Double check the tide tables for the two tidal crossings to avoid long detours on road. There are now no stiles on this section, except for one just south of Herbrandston on the high tide alternative route.

1. Dale to Musselwick (Low Tide Route) 1.6 Miles (3.22Km)

Often busy, road with no pavement. 0.4 miles stony causeway. 0.6 miles sandy beach which is quite difficult walking. Four gates at Musselwick Farm. Stepping stones at The Gann Crossing.

Walk Difficulty: No stiles or flights of steps, gradients less than 1:6.

Car Park / Public Transport Access
Dale Car Park (Grid ref: SM81110584)

Bus stop on Dale Seafront.(Puffin Shuttle – thrice daily return – St David’s to Milford Haven). Medium-sized Pembrokeshire County Council car park, charge in season. WC in the village.

Car Park / Public Transport Access
Pickleridge Car Park (Grid ref: SM80860663)

Hail and ride Puffin Shuttle – thrice daily return – St David’s to Milford Haven. Medium-sized, free car park.

Walking Access Point
The Gann / Pickleridge wheelchair section (Grid ref: SM80860660)

Access along spit of land that separates saltwater lagoons from the estuary. The lagoons were formed by excavation of gravel for aggregate used at Dale and Talbenny airfields. Site of Special Scientific Interest, please keep dogs under close control to avoid disturbing wildlife. Flat rough surface of naturally occurring gravel with larger stones in places (250m). There may be side growth for first 50m. Cross country chairs may travel a further 300m. WC in Dale. Wheelchair 250m. Adventure 300m.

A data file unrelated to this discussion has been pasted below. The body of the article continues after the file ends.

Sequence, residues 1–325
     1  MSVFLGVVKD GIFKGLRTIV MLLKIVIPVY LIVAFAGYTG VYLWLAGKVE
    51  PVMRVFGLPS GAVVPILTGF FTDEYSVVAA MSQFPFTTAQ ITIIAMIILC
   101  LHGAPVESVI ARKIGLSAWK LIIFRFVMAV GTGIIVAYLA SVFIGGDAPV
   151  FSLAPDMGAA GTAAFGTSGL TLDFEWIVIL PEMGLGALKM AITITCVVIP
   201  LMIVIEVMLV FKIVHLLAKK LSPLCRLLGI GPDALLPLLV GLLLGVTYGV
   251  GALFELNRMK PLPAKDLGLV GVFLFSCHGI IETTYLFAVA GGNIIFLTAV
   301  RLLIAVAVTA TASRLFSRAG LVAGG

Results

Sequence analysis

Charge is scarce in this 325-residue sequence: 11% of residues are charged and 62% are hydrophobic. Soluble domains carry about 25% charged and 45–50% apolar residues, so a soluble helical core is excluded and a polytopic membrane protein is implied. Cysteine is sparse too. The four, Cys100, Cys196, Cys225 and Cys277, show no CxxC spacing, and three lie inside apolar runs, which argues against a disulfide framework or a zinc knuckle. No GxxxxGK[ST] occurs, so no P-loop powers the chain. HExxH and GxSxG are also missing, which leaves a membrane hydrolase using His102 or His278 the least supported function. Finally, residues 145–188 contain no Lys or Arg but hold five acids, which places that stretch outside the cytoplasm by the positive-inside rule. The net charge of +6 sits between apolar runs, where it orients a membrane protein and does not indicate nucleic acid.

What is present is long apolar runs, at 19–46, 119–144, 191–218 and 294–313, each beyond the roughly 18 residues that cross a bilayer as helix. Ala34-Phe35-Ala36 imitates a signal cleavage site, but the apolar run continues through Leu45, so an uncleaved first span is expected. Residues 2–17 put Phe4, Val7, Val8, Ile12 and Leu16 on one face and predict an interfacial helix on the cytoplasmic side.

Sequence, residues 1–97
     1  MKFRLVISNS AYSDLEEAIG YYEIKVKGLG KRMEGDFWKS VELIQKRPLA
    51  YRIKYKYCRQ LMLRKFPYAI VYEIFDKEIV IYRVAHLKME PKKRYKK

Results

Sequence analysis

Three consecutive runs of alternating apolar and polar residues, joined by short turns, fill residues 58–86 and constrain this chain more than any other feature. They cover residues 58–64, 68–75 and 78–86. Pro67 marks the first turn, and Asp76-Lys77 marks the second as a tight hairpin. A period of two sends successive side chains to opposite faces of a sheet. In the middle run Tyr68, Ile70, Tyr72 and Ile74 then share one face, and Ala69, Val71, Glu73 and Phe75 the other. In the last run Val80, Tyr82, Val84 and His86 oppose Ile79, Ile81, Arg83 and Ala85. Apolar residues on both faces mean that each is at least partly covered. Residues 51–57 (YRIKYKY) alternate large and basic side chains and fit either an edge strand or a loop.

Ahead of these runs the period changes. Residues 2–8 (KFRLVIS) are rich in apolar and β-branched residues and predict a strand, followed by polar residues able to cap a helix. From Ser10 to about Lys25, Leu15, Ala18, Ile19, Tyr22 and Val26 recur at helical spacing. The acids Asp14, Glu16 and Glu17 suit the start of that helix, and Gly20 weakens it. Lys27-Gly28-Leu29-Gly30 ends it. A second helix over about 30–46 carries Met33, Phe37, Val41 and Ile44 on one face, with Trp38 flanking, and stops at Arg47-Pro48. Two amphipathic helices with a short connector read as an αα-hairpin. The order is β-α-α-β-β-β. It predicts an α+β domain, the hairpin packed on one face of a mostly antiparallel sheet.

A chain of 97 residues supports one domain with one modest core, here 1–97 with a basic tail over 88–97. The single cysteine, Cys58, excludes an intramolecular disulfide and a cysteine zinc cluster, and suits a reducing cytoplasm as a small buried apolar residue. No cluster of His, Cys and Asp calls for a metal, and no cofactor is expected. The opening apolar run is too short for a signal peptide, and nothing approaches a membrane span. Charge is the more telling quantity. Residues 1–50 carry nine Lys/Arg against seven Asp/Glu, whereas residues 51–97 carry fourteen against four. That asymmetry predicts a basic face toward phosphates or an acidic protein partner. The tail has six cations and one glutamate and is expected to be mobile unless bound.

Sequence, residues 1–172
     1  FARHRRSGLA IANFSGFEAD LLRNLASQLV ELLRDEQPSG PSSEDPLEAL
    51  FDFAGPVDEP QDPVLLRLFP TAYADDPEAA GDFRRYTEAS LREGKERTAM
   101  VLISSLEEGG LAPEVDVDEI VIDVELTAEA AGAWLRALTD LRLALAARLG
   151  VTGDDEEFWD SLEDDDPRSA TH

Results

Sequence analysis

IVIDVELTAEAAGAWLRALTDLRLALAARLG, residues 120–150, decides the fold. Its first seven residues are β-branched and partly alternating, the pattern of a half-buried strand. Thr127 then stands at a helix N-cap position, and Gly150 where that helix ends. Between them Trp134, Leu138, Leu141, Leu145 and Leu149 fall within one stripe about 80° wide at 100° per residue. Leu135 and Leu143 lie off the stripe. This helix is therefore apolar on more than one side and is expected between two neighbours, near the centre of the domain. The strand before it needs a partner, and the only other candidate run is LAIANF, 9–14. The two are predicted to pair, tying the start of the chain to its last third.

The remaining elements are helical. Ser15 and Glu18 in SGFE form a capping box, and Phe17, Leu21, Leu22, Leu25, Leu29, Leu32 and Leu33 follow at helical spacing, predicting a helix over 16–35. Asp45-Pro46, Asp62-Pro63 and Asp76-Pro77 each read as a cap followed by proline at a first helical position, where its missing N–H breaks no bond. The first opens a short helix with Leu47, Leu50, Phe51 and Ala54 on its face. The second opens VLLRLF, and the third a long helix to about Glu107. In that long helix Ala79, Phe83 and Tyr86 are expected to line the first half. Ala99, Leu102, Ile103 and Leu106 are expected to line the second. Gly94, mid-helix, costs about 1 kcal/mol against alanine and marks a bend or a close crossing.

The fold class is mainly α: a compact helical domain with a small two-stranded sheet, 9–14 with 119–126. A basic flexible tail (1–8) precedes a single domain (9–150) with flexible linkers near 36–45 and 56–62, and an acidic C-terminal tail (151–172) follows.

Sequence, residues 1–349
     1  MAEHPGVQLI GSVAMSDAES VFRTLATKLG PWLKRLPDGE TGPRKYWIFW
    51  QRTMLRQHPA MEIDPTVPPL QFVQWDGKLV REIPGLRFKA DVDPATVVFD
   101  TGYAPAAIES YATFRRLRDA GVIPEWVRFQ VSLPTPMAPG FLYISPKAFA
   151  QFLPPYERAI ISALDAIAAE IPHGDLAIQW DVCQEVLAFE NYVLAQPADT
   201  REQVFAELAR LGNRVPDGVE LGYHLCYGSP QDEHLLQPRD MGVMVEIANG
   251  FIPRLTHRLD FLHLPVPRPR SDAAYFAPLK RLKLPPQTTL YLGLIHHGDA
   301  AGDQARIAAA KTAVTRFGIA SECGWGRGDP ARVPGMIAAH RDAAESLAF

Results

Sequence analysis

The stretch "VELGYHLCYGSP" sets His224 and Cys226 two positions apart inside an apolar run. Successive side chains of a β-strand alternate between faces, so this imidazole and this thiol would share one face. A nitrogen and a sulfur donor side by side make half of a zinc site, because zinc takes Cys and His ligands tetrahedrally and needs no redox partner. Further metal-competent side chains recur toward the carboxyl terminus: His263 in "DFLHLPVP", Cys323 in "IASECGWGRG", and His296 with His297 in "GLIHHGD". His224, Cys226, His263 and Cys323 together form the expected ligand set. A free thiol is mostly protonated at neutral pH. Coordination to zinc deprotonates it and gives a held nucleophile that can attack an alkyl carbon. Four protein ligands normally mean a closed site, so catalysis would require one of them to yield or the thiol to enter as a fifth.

Beach
Pickleridge / Gann Beach (Grid ref: SM81050665)

Large sheltered flat sand, silt and shingle beach. Popular with bait diggers.

Information
The Gann Pools SSSI (Grid ref: SM81160721)
North of Dale, a long shingle ridge marks the edge a huge deposit of sand and gravel. This built up alongside the melting southern edge of the Irish Sea ice sheet, about 17,000 years ago. During World War II, the deposits were worked to provide materials for Dale and Talbenny airfields. The now flooded pools and the valley are now a Site of Special Scientific Interest (SSSI), important for over-wintering birds.

Caution
The Gann Crossing (Grid ref: SM81330709)

The tidal crossing at The Gann can only be crossed for sure three and a half hours each side of low water. There is another tidal crossing four miles to the east at Sandy Haven. To be sure of crossing both crossings, try to reach the first as the tide is dropping – halfway between high and low, that way you will have plenty of time (five hours) to get to the second crossing.

Walking Access Point
The Gann Track Byway (Grid ref: SM81330700)

An alternative high tide route if the tide is not too high (the track gets submerged by spring tides). A potholed stony track. There is often an impassable deposit of rotting seaweed at the junction to the minor road. A byway is the most minor of highways to carry public vehicular rights, however this route is rarely passable by ordinary cars and there is no right to park. It does however offer a cross country cycle or horse route.